ArtsAutosBooksBusinessEducationEntertainmentFamilyFashionFoodGamesGenderHealthHolidaysHomeHubPagesPersonal FinancePetsPoliticsReligionSportsTechnologyTravel
  • »
  • Education and Science»
  • Physics

Hydrostatic Pressure Formula and Sample Problems

Updated on February 7, 2013

What is Hydrostatic Pressure?

Pressure is commonly defined as force per unit area. But in liquids, the column of liquid exerts a constant force downward due to its weight. The pressure exerted by a column of liquid is called hydrostatic pressure.

This force due to the liquid's weight can be computed using the liquid's density and height. This is the reason why hydrostatic pressure has a different formula than pressure in solids.

Hydrostatic Pressure Formula

Hydrostatic pressure can be computed by multiplying the density of the fluid by the acceleration due to gravity and the depth. In symbols,

P = pgh

where P is the hydrostatic pressure, p (rho) is the density of the liquid, g is the acceleration due to gravity and h is the height from the surface or the depth.

Hydrostatic Formula in Action

How much is the hydrostatic pressure experienced by a scuba diver at 30 meters below the surface of the ocean?

To solve this problem, we have to enumerate the given. But the only given is the height from the surface or the depth which is 30 meters.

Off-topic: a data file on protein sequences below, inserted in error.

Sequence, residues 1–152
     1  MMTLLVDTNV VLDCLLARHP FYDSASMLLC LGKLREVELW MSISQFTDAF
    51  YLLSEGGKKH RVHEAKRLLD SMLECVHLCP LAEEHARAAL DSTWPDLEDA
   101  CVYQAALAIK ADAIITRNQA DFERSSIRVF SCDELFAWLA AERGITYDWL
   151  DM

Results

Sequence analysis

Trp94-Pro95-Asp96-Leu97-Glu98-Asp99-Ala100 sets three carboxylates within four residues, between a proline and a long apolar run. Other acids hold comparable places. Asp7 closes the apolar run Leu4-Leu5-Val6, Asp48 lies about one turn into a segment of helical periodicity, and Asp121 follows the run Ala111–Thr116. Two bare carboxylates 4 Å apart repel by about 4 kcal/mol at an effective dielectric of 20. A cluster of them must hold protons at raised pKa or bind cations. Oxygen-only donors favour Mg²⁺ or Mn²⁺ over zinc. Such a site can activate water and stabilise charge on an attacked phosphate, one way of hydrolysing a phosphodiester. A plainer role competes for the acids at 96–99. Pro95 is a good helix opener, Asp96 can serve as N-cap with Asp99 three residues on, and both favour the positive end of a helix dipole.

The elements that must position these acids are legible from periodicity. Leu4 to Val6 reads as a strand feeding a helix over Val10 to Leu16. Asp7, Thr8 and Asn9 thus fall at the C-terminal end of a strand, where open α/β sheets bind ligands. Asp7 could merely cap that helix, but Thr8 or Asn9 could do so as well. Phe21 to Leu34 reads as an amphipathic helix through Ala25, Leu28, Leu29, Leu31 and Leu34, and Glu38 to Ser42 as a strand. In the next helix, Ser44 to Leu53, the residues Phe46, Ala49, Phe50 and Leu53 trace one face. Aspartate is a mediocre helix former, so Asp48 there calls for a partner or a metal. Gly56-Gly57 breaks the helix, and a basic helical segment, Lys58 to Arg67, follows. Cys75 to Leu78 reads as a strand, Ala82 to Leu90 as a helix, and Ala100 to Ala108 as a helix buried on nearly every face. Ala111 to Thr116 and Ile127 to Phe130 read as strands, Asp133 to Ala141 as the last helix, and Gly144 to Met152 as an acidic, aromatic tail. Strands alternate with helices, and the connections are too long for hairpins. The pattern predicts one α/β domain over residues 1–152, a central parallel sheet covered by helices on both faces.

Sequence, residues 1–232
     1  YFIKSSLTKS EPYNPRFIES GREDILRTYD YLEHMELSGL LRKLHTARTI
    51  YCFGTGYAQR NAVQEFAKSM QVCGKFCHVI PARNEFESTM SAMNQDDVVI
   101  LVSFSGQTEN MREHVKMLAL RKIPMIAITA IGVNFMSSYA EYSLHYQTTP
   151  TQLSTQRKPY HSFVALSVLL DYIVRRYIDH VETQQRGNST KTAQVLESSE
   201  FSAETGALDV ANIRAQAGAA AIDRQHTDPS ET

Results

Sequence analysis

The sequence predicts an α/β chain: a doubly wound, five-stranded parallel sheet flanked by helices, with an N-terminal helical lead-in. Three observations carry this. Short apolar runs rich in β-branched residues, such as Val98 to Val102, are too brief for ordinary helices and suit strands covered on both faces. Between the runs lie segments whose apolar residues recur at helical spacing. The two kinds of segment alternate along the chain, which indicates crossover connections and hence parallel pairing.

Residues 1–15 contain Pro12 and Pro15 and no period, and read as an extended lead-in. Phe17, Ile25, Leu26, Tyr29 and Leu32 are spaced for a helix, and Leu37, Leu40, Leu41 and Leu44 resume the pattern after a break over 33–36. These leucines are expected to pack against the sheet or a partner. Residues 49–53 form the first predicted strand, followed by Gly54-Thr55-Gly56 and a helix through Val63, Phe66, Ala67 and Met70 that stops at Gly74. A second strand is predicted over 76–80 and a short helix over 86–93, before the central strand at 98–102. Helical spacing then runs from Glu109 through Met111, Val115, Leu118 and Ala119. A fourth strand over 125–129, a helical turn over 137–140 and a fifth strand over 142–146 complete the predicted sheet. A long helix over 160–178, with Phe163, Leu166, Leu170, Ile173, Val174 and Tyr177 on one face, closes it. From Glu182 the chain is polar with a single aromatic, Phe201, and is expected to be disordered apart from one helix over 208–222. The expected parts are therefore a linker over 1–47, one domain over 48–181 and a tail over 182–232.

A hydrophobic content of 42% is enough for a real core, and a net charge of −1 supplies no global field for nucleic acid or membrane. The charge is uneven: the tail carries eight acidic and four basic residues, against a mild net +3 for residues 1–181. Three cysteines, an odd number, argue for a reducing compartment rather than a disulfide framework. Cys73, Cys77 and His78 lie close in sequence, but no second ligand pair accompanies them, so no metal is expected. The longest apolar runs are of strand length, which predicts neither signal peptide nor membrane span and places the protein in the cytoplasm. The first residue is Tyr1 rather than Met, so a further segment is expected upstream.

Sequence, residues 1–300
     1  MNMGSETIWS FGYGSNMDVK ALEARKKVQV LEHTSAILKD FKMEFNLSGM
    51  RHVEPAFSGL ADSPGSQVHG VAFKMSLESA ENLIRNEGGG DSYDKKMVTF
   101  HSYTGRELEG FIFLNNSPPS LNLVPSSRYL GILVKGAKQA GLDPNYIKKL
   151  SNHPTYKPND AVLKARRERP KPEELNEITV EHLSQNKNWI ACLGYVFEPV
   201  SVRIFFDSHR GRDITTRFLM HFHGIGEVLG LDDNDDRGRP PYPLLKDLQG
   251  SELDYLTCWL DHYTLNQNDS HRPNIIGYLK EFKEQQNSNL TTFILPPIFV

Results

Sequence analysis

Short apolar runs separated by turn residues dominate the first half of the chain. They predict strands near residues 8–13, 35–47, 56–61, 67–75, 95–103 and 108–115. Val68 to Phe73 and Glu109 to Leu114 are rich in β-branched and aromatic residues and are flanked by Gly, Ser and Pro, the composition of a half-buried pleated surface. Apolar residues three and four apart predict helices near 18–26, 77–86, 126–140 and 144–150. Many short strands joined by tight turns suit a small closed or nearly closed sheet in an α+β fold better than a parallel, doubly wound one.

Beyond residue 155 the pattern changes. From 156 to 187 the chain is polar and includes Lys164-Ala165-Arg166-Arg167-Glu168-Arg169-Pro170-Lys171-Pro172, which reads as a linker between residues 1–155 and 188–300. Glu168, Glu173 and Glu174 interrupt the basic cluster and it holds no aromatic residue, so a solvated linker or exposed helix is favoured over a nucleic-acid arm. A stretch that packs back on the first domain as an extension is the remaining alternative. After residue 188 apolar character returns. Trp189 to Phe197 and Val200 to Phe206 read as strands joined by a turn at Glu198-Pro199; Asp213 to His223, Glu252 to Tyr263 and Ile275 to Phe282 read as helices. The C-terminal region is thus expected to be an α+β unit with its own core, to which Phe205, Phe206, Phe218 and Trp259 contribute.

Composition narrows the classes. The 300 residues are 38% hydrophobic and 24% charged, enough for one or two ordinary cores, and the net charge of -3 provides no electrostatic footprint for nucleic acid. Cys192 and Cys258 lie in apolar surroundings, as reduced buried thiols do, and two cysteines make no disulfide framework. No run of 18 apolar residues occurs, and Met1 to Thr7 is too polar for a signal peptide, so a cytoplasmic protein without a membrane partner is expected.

The rho or the density of the fluid must be also given or we can rely with our previous knowledge that the density of seawater is 1,030 kilograms per cubic meters.

The acceleration due to gravity is of course 9.8 meters per second squared.

Now, let's solve the problem.

P = pgh Hydrostatic Pressure Formula

P = (1,030 kg/m^3)(9.8 m/s^2)(30 m) Substitution

P = 302,820 Pascals Multiplication

Therefore, the hydrostatic pressure at 30 meters below the surface of the ocean is 302,820 Pascals.

Your Turn: Solve these hydrostatic pressure problems

view quiz statistics


    0 of 8192 characters used
    Post Comment

    • profile image

      first timer 3 years ago

      new at this game would have enjoyed more problems to solve great spread

    • notsocommon profile image

      Daniel Gubalane 5 years ago from Ormoc City

      Thank you AverageWriter1! This is my first hub and I'm looking forward to creating more tutorials here on hubpages.

    • AverageWriter1 profile image

      AverageWriter1 5 years ago from California

      Well written hub. Very informative, I enjoyed reading it and taking the quiz at the end.